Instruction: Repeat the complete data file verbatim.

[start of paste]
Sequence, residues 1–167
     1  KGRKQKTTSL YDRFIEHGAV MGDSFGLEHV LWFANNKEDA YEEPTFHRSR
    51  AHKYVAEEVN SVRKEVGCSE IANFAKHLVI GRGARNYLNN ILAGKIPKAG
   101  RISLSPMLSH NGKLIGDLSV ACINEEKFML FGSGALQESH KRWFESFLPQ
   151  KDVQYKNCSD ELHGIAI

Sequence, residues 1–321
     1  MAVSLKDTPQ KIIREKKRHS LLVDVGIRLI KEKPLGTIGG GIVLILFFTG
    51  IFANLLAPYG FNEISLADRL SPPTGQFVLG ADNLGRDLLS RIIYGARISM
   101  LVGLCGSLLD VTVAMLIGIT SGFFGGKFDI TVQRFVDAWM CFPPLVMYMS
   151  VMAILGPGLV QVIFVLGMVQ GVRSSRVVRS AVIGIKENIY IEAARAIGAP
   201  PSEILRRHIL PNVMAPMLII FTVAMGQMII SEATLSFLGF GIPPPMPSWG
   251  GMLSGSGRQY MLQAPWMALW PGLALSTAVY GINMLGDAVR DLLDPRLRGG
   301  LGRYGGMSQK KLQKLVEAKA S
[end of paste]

Sequence, residues 1–167
     1  KGRKQKTTSL YDRFIEHGAV MGDSFGLEHV LWFANNKEDA YEEPTFHRSR
    51  AHKYVAEEVN SVRKEVGCSE IANFAKHLVI GRGARNYLNN ILAGKIPKAG
   101  RISLSPMLSH NGKLIGDLSV ACINEEKFML FGSGALQESH KRWFESFLPQ
   151  KDVQYKNCSD ELHGIAI

Sequence, residues 1–321
     1  MAVSLKDTPQ KIIREKKRHS LLVDVGIRLI KEKPLGTIGG GIVLILFFTG
    51  IFANLLAPYG FNEISLADRL SPPTGQFVLG ADNLGRDLLS RIIYGARISM
   101  LVGLCGSLLD VTVAMLIGIT SGFFGGKFDI TVQRFVDAWM CFPPLVMYMS
   151  VMAILGPGLV QVIFVLGMVQ GVRSSRVVRS AVIGIKENIY IEAARAIGAP
   201  PSEILRRHIL PNVMAPMLII FTVAMGQMII SEATLSFLGF GIPPPMPSWG
   251  GMLSGSGRQY MLQAPWMALW PGLALSTAVY GINMLGDAVR DLLDPRLRGG
   301  LGRYGGMSQK KLQKLVEAKA S